10. The Tribe
The Tribe remains one of the toughest viewing experiences I’ve ever endured. The Ukrainian drama follows a new arrival at a boarding school for deaf teenagers and his induction into a bleak world of crime. Though it unfolds entirely without dialogue and offers no subtitles to translate the sign language used, The Tribe is surprisingly easy to follow, but excruciating to watch, due to the brutal and unflinching violence. Gorgeously shot, but ugly in content, and featuring one of my favorite endings of all time, The Tribe is easily one of the decade’s most underseen films, though not one I think I’ll ever revisit.
The flipside of that coin is Clouds of Sils Maria, which nearly necessitates a second viewing. From Juliette Binoche’s aging actress fearing obsolescence in the vein of All About Eve, to Kristen Stewart’s thankless assistant (in the best performance of the decade), to Chloe Grace-Moretz’s satirical take on millennial actors, there are so many layers to unpack in Assayas’ best film (since Irma Vep, at least).
Magic Mike XXL is pure celebration. Soderbergh hands over directing duties of the sequel to his 2012 film about male dancers to fellow filmmaker Gregory Jacobs, though still shoots it himself. Jacobs strips the film of all superfluous plot, essentially boiling the film down to a series of intricate, gorgeous, and hypnotic dance sequences. It’s nearly impossible to pick a favorite scene (or vignette, as it were), but one strong contender is the sequence of the gang encouraging a group of middle-aged women (including Andie MacDowell) to feel better about themselves, and of course, subsequently dancing for them. The real show-stopper is the absolutely jaw-dropping finale though. Magic Mike XXL is a captivating action film, complete with astonishing stunts, but minus all the violence.
Pure formal mastery. Every second of this film is acutely calculated; every frame precisely composed. Absolutely brilliant editing (the late cut to Brandon’s reaction to Sissy’s rendition of “New York, New York” is quietly devastating), the best Michael Fassbender performance (which says a good deal), and a haunting score. Shame isn’t a film about sexual addiction, it’s about the loneliness of despair, the soul-deadening comfort of routine, and the intrinsic yearning for improvement.
Andrea Arnold’s American Honey makes a much better case as a portrait of modern America than Spring Breakers, simply by portraying it without grandiose intentions. Arnold neither glorifies nor condemns her band of disaffected youths traveling across America selling magazines door-to-door, and drinking, smoking, and screwing in the interim. Though it tackles many things (culture, class, capitalism, etc.), it’s appropriately light on message, aiming for unobstructed depiction, rather than didacticism. American Honey is a remarkably honest film about the desire to find your place in the world.
5. Holy Motors
Like Clouds of Sils Maria, the insane brilliance of Holy Motors only became clear on subsequent viewings. The uniquely batshit vignettes, while visually stunning and enjoyable on the surface, initially feel incohesive if not properly attuned to director Leos Carax’s distinct wavelength. Further viewings help to process the film’s metatextual layers and appreciate the dynamic filmmaking. Inventive, gorgeous, and delightfully bizarre.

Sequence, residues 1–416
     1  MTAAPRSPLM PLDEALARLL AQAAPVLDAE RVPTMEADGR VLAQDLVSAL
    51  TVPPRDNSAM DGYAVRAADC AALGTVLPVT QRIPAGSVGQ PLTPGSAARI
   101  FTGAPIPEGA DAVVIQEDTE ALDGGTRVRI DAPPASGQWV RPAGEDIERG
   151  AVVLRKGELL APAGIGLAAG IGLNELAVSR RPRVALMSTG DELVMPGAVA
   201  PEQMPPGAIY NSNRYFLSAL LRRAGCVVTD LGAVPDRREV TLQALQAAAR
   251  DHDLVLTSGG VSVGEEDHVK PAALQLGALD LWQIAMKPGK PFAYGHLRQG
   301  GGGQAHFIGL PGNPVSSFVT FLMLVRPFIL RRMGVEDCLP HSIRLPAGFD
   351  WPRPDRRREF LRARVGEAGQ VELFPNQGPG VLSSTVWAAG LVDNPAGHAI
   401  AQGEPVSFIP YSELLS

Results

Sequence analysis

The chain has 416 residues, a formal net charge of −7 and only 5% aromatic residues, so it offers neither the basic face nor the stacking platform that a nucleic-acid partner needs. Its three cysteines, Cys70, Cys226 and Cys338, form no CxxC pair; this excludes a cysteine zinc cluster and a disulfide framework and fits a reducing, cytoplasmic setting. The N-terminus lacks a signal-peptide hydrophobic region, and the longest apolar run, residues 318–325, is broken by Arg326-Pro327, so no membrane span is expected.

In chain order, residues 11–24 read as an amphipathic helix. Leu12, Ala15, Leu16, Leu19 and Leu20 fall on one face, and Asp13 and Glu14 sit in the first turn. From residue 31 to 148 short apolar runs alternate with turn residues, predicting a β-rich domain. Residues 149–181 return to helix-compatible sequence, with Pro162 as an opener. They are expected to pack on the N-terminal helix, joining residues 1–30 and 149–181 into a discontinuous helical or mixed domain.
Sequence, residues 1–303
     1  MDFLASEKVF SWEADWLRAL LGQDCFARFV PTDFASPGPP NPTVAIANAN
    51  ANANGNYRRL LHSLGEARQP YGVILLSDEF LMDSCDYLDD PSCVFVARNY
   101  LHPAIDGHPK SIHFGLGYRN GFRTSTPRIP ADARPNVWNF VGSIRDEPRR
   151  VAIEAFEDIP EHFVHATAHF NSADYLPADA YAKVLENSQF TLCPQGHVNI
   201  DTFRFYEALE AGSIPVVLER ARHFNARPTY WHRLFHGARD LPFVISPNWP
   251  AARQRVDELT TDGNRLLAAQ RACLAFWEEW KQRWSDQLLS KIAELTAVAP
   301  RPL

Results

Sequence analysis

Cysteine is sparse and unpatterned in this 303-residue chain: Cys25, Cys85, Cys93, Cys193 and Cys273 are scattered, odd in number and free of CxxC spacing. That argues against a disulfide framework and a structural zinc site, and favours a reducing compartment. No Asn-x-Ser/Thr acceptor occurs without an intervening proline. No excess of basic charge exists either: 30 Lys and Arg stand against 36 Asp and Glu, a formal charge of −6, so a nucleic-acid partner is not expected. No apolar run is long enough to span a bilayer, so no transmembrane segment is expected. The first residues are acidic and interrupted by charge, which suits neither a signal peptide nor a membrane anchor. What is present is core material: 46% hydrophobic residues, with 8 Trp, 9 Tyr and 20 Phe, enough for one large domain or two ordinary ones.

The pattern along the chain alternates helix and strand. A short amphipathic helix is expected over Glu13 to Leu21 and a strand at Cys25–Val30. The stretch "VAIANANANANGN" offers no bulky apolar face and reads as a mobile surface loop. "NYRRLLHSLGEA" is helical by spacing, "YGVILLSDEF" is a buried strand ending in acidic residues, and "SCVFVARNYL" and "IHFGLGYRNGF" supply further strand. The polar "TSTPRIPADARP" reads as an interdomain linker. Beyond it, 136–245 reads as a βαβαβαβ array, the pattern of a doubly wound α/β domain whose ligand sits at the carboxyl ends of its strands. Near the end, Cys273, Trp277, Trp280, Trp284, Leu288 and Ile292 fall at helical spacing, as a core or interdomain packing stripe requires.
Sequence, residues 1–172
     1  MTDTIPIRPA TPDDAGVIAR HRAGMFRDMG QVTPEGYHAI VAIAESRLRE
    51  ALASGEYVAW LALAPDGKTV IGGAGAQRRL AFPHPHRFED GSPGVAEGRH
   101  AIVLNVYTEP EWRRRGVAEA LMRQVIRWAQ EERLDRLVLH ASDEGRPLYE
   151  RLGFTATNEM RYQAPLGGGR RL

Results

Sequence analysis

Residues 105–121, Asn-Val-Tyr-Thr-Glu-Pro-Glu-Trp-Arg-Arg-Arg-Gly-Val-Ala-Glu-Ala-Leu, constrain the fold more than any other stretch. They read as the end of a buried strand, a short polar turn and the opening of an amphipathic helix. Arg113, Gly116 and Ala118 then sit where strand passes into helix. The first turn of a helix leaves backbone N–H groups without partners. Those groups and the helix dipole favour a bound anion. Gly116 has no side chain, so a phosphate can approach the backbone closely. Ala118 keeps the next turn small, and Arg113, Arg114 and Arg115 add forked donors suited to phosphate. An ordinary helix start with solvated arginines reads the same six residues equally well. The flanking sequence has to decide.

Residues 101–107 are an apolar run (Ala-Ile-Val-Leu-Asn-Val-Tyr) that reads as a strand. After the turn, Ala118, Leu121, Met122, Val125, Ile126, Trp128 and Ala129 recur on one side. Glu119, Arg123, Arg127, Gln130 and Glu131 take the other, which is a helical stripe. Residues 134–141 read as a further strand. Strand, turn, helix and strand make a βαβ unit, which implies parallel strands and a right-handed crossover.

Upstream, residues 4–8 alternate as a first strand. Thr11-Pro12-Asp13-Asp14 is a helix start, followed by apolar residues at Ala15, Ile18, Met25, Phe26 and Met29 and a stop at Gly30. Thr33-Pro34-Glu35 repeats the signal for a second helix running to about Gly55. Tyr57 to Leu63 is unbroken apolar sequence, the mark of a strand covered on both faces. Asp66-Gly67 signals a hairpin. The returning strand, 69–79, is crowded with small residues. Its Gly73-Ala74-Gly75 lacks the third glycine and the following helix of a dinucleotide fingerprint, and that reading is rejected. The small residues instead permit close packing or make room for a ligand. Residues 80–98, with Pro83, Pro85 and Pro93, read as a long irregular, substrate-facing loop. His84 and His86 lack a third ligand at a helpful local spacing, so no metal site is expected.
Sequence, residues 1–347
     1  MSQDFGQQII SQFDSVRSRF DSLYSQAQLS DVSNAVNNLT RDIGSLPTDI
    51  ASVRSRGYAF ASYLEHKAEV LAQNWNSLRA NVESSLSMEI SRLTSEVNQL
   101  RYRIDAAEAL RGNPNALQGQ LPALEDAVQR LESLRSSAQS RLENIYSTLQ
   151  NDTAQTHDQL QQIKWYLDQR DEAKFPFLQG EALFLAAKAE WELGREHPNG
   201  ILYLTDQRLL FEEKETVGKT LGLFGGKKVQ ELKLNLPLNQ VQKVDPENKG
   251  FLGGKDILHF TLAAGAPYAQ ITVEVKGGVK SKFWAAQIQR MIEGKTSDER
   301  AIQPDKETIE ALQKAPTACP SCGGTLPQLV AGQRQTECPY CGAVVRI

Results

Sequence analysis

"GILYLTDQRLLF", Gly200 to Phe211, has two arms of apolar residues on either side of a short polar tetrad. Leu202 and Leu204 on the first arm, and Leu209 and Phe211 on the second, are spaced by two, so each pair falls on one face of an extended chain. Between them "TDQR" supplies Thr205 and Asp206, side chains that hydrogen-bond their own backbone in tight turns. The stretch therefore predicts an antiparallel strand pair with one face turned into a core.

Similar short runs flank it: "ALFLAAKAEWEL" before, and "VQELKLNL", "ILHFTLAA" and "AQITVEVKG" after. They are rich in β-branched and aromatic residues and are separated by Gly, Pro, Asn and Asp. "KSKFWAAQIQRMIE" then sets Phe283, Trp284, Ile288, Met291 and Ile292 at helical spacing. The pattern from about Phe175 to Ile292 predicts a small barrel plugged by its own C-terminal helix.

If I were to include the extended version on the Criterion release rather than the theatrical cut, The Tree of Life would rank even higher on this list. Those added 50 minutes allow the last third more space to better balance the shifting tones, but even without them, in its original form, there is no film on this list more divine. This sprawling, loose portrait of a family in the 1950s is one of the most life-affirming films I’ve ever seen; its transcendent beauty often bringing me to tears. There are very few films I consider life-changing, but this is absolutely one of them.
Takes the virtues of the Before Trilogy (Before Midnight barely missed my list) – romance approached with a sense of naturalism and a keen ear for dialogue – and adds a brilliant and heady structural twist: the nature of the central relationship seems to (impossibly) shift over the course of the film. Kiarostami was one of the world’s greatest filmmakers, and Certified Copy is his best film.
The most unnerving, quietly terrifying film I’ve ever seen. Even more so than Shame, Under the Skin is a display of unmatched formal control. Glazer’s direction sets a disorienting tone that he sustains throughout the entire runtime. Earns my vote for many of the decade’s best categories: sound design, score, lead performance, and direction. Absolutely hypnotic and haunting.
1. Toy Story 3
Words can’t convey how deeply I connect to Toy Story 3. It’s ironic that an animated kids movie about toys is the one that resonates strongest with me on a human level; simultaneously the most uplifting and emotionally devastating film of the decade, without even a hint of manipulation. Hilarious, moving, kinetic, and visually ravishing, Toy Story 3 is a tremendous film with a third act that hits me like an emotional freight train every time, and yet, I would gladly watch it over and over again.
The Best of the Decade abbas kiarostami american honey andie macdowell andrea arnold before midnight before trilogy best of the decade carey mulligan certified copy chloe grace-moretz clouds of sils maria gregory jacobs holy motors irma vep jonathan glazer juliette binoche kristen stewart leos carax magic mike xxl michael fassbender olivier assayas scarlett johansson shame spring breakers steve mcqueen steven soderbergh terrence malick the tree of life the tribe toy story 3 under the skin